One thread in the book was love of literature, so I suppose our meanderings into The Iliad, The Odyssey, Charles Lamb, The Gift, Nicholson Baker, Richard the Third, Barbara Pym, Beowulf, Seamus Heaney, James Joyce, (and authors and books and reviews I can't begin to remember) were just more threads woven around that theme. Seamus Heaney and James Joyce came up because one of our members is spending five months in Ireland, where we all thought we should also visit on our group trip to Guernsey, which now seems like a pretty attractive destination. Someone quoted someone as saying Ireland is narrow and deep, and the U.S. is broad and shallow. The shallowness is our relative lack of history, but also the naivete of not having experienced the devastation and poverty and hunger following world war on our soil.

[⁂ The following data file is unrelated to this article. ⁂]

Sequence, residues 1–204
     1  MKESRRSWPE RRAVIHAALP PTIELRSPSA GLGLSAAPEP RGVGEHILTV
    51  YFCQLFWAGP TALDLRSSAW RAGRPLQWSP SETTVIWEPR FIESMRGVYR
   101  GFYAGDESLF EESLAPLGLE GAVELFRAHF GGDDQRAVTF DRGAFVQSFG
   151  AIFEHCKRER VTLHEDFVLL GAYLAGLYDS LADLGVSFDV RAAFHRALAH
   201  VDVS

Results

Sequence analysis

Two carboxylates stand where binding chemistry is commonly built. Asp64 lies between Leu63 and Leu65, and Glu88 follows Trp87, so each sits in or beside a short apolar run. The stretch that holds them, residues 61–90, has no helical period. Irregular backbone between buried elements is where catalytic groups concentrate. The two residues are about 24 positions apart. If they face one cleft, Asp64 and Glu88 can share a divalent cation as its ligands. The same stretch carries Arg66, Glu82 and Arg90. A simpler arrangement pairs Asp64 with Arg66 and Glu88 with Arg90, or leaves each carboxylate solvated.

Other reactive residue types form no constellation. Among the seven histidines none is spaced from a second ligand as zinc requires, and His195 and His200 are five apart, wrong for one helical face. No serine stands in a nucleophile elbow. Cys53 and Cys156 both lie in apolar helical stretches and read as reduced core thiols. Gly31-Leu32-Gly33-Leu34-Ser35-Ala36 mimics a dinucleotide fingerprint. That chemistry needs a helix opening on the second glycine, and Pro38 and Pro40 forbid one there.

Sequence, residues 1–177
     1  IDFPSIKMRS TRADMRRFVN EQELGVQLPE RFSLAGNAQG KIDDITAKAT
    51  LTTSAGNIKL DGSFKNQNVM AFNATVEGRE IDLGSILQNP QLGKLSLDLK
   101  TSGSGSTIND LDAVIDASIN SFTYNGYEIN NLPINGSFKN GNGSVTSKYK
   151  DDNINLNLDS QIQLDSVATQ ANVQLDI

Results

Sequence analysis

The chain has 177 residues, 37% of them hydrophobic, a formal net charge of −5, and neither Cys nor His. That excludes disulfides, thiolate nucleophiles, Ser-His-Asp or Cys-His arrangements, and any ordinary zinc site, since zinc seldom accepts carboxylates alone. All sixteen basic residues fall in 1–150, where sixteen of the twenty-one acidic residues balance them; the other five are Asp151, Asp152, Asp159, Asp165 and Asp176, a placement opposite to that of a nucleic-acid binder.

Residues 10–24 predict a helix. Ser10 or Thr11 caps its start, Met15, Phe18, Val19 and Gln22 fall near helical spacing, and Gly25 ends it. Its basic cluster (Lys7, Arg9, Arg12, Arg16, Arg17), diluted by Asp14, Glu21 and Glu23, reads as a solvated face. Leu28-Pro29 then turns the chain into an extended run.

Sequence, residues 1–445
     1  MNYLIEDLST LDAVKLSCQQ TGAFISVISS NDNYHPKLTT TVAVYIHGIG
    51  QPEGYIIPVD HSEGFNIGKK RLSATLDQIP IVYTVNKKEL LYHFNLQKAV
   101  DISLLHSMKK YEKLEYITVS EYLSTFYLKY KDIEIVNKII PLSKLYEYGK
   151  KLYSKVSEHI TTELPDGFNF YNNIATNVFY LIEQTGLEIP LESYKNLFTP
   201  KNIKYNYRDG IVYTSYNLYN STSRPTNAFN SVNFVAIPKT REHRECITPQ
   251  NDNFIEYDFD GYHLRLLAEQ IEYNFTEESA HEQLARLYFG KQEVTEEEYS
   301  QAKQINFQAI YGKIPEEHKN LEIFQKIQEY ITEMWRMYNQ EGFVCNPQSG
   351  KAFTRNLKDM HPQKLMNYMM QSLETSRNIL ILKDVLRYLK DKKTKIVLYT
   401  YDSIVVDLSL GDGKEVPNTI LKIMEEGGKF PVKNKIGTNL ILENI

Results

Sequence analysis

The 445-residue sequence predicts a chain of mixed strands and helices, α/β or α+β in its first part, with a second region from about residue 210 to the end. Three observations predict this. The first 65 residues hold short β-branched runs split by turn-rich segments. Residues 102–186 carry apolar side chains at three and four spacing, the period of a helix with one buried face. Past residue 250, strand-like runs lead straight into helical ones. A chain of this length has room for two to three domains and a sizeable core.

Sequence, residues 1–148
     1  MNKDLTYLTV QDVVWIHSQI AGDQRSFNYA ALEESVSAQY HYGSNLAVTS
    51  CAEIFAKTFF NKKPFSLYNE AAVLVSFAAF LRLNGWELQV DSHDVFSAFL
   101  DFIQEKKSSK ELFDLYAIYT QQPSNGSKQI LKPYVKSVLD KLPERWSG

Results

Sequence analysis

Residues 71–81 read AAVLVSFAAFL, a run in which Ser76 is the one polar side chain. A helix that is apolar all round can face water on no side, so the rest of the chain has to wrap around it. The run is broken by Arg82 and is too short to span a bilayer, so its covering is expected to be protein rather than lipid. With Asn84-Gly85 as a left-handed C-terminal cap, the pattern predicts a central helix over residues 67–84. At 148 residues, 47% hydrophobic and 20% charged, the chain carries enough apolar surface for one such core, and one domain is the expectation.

Oh, and tonight I also learned that there are mythology geeks; Teenage Mutant Ninja Turtles were named after Renaissance artists because their creators were artists; e-mail is for old people, which four of us apparently are, because we don't send text messages; none of us would read a book on a Kindle; you can make your dog lie down by pointing at him and saying "pow"; one recipe for food-allergic children resembles potato-peel pie; and salt-and-pepper potato chips are the new "in" snack. Okay, maybe our meeting wasn't as hilarious as the Guernsey Literary and Potato Peel Pie Society meetings were, but it was certainly as engaging and eclectic.